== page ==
Identify the performance obligations in the contract. Generally, our contracts with our laboratory supply customers do not include multiple performance obligations to be completed over a period of time. Our performance obligations generally relate to delivering specialty laboratory products to a customer, subject to the shipping terms of the contract. Limited warranties are provided, under which we typically accept returns and provide either replacement parts or refunds. We do not have significant returns. We do not typically offer extended warranty or service plans.


Ultra-low temperature freezers sold to customers are built to order.  Generally, 50% of the value of the contract is paid by the customer prior to work beginning on manufacturing the freezer.  Upon completion of manufacturing and testing the customer will then sign an acceptance of the unit and make payment of the remaining balance on the contract, at which title passes to the customer.  The units are FOB ship point.  The customer may either arrange to transport the unit with a carrier he uses or ask the Company to arrange such shipment, the charges of which are the responsibility of the customer.  A customer may, after accepting the unit, request that it be upgraded with additional hardware or software options.  Those options are installed under a new contract, with the deposit and final payment requirements being the same as on the original order.


Determine the transaction price. Payment by the customer is due under customary fixed payment terms, and we evaluate if collectability is reasonably assured. None of our contracts as of December 31, 2020 contained a significant financing component.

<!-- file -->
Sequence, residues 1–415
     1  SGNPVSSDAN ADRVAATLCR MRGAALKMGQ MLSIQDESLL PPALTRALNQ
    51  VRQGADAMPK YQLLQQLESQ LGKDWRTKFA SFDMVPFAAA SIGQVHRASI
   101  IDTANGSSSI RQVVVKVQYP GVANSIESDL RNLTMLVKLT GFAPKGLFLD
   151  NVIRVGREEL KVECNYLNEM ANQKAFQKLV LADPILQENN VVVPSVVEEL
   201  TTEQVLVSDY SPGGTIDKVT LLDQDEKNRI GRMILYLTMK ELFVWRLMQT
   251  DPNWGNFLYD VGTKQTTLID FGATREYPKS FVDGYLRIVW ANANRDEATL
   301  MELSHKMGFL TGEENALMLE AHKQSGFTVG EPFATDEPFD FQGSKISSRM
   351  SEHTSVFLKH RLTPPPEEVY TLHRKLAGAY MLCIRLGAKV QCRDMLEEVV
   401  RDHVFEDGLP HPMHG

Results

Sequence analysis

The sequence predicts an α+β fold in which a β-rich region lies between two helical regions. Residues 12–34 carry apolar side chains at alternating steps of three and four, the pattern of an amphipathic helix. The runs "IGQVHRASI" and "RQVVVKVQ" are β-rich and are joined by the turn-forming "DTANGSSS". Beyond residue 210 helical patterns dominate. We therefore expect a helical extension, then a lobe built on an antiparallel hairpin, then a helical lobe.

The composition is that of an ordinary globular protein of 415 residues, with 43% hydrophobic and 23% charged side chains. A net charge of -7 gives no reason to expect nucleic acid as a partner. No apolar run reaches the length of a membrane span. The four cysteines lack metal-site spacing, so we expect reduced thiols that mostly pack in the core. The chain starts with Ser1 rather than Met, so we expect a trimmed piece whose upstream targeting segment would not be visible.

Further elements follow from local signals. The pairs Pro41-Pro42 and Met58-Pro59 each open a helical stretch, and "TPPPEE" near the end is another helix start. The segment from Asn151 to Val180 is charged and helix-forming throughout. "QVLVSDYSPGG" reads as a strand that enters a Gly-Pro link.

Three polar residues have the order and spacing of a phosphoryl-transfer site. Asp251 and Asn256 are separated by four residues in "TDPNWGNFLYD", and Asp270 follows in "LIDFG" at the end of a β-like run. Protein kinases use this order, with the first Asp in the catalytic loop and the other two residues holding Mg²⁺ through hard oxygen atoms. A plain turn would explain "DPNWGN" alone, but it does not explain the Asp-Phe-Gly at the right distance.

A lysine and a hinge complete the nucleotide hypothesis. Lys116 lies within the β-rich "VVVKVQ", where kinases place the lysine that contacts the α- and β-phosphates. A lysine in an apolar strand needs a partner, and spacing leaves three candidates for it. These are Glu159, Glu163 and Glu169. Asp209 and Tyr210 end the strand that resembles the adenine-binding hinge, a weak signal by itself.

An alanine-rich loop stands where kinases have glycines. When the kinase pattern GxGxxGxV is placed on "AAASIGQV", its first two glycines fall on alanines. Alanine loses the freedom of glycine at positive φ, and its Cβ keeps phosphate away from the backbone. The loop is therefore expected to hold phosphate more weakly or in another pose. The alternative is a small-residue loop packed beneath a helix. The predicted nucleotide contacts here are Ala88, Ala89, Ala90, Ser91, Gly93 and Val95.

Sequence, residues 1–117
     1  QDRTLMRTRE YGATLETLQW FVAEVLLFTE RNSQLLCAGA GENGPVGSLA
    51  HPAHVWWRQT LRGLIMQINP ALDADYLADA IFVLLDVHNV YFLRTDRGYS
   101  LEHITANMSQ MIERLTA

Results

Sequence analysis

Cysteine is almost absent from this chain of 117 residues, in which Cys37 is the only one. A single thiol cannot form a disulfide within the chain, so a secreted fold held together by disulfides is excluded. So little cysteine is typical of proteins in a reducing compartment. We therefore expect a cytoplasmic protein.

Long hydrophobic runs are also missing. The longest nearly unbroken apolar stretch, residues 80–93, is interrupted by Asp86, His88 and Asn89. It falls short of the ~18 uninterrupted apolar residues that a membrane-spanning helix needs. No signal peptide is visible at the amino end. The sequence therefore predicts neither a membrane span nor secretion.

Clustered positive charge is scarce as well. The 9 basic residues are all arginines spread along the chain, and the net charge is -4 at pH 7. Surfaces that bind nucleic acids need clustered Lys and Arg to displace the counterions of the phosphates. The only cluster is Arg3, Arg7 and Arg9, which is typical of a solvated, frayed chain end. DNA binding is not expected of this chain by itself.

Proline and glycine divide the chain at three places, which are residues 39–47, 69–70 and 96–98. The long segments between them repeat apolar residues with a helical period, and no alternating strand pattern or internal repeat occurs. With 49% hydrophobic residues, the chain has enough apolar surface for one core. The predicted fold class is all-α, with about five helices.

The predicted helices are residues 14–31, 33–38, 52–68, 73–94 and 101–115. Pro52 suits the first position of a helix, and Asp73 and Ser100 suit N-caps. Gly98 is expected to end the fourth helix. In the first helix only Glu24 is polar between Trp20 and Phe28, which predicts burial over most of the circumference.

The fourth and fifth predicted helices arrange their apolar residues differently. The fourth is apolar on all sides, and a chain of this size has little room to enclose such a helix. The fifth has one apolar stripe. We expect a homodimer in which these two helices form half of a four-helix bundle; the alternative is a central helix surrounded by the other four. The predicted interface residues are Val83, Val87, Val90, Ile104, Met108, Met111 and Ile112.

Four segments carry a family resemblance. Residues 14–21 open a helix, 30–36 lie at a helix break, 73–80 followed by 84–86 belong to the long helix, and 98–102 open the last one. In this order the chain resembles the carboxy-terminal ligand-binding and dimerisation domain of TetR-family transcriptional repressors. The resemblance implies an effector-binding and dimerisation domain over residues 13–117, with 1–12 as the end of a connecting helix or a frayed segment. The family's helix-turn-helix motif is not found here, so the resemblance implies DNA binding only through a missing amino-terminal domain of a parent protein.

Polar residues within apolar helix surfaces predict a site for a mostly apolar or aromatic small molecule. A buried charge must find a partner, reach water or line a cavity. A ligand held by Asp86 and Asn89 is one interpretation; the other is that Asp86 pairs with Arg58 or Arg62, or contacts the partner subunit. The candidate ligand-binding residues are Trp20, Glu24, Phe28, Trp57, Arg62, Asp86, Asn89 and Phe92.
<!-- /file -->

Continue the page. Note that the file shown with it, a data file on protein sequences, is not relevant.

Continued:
Allocate the transaction price to performance obligations in the contract. We typically do not have multiple performance obligations in our laboratory supply contracts with customers. As such, we generally recognize revenue upon transfer of the product to the customer's control at contractually stated pricing.  The freezers likewise do not have milestone or percentage of completion clauses in the contract, so revenue is only recognized when the work has been completed.


Recognize revenue when or as we satisfy a performance obligation. We generally satisfy performance obligations at a point in time upon shipment of goods, or, with our freezers, upon final acceptance of the unit by the customer, in accordance with the terms of each contract with the customer. We do not have significant service revenue. 


ESTIMATES:  The preparation of financial statements in conformity with accounting principles generally accepted in the United States of America requires management to make estimates and assumptions that affect the reported amounts of assets and liabilities and disclosure of contingent assets and liabilities at the date of the financial statements and the reported amounts of revenues and expenses during the reporting period.  Actual results could differ from those estimates.


CASH:  The Company considers all deposit accounts and investment accounts with an original maturity of 90 days or less to be cash equivalents.  


ACCOUNTS RECEIVABLE:  The Company writes off trade receivables when deemed uncollectible.  The Company estimates allowance for doubtful accounts based on the aged receivable balances and historical losses.  The Company charges off uncollectible accounts when management determines there is no possibility of collecting the related receivable. The Company considers accounts receivable to be past due or delinquent based on contractual terms, which is generally net 30 days.